Tight contest for Morwell: experts

The battle for the Seat of Morwell in 2018 will be a close one.

That’s about all political commentators can agree on ahead of next year’s November state election.

Last week’s resignation of long-serving MP Russell Northe from the National Party has cast a new level of uncertainty over the future of the marginal seat, with Northe unsure whether he will recontest as he battles mental health issues.

Preselection for the major parties is yet to take place, but the Nationals, Liberal Party, Labor, The Greens and independents are all expected to throw their hats in the ring.

Former Nationals state director Jenny Hammett said the last time there was an election campaign “as interesting as this” was 2002 when she stood as a candidate following the retirement of the long-serving Keith Hamilton from the then-Labor-heartland seat.

“A lot of people who [usually] only voted Labor, voted Nationals or independent in that campaign,” Ms Hammett said.

Ms Hammett drew 12.33 per cent of the primary vote in 2002, behind independent candidate Brad Platschinda’s 14.54 per cent.

Labor’s Brendan Jenkins ultimately won the seat with 54.86 per cent after preferences against Liberal Diane Blackwood.

This set the foundation for Labor’s loss in 2006, Ms Hammett said, when Labor’s 36-year stronghold on Morwell came to an end.

Mr Northe was elected to the seat on the back of preferences from Labor defector Lisa Proctor, who ran as an independent against Mr Jenkins.

In 2010 The Nationals’ position strengthened with Mr Northe taking 56.11 per cent of the primary vote.

But a variety of factors in 2014 made Morwell marginal, including the handling of the Hazelwood mine fire crisis and electoral boundary changes which meant Morwell took in a whole community of Labor faithful in Newborough.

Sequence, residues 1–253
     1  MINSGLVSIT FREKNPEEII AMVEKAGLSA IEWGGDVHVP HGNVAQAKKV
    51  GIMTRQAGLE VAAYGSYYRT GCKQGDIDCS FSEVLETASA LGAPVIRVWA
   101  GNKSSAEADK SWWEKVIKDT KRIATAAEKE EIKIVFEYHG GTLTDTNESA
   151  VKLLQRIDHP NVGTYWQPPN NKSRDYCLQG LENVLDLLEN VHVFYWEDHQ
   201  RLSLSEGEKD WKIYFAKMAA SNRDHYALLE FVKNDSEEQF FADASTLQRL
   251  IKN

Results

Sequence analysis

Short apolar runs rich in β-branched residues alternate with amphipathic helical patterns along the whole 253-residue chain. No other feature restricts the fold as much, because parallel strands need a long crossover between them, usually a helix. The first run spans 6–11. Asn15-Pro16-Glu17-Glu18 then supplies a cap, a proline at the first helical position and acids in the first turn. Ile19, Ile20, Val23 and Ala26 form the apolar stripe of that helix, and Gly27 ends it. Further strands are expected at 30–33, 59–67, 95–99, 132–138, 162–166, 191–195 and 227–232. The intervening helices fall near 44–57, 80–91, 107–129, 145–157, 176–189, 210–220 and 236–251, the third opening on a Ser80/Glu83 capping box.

In that election, independent Tracie Lund achieved 10.91 per cent of the primary vote.

Ms Hammett said independents “would always pick up votes in Morwell” and next year’s result would depend on the quality of the candidates.

But Monash University senior politics lecturer Nick Economou disputed this, saying he still believed voting was based on identification with a political party.

“People’s primary source of making sense of politics is through the party system,” Dr Economou said.

He said he did not think Mr Northe could win as an independent and had he remained with the Nationals, he would have had a “good chance” of retaining the seat, presuming there would be an anti-government swing against Labor this time around.

“There is a view among some that Morwell is ripe for the picking for an independent, but I disagree,” Dr Economou said.

“It will probably be between Labor and the Nationals. Thereafter, I have no real confidence for what the outcome will be.”

In 2014 The Nationals kept a stronghold in Traralgon voting booths and outlying towns, with Labor performing better in all Morwell and Newborough booths as well as Churchill.

“You’ve got an arm-wrestle there,” Dr Economou said.

Labor will pump $266 million into the Latrobe Valley to assist with its economic survival in the wake of the March closure of Hazelwood Power Station, however it has copped criticism from some in the community for the generator’s closure on its watch.

Mr Jenkins told The Express he believed there was no reason why Labor couldn’t win Morwell.

He said an argument blaming Labor for the closure of a private company didn’t hold water, but any Labor candidate should be able to stand up and have that debate.

Mr Jenkins said a political campaign in the Latrobe Valley would need to include what the candidate could realistically achieve and what their party would be committed to.

“That’s going to be a big ask, because it won’t always be what people want to hear,” he said.

Mr Jenkins said committing to decisions that would prevent private companies from a repeat of the Hazelwood scenario could and should be done, however promising to build a power station or buy a power station was “unreasonable”.

“[Voters] want somebody who can tell the clear and honest truth to people,” he said.

“Someone telling it the way it is, is what we deserve.”

Mr Jenkins said independents would have an influence on the election outcome, but he would be surprised to see one win in their own right.

“The only way would be if they could convince people they could do something they couldn’t do,” he said.

Mr Jenkins said he believed the contest would come down to a Liberal and a Labor candidate.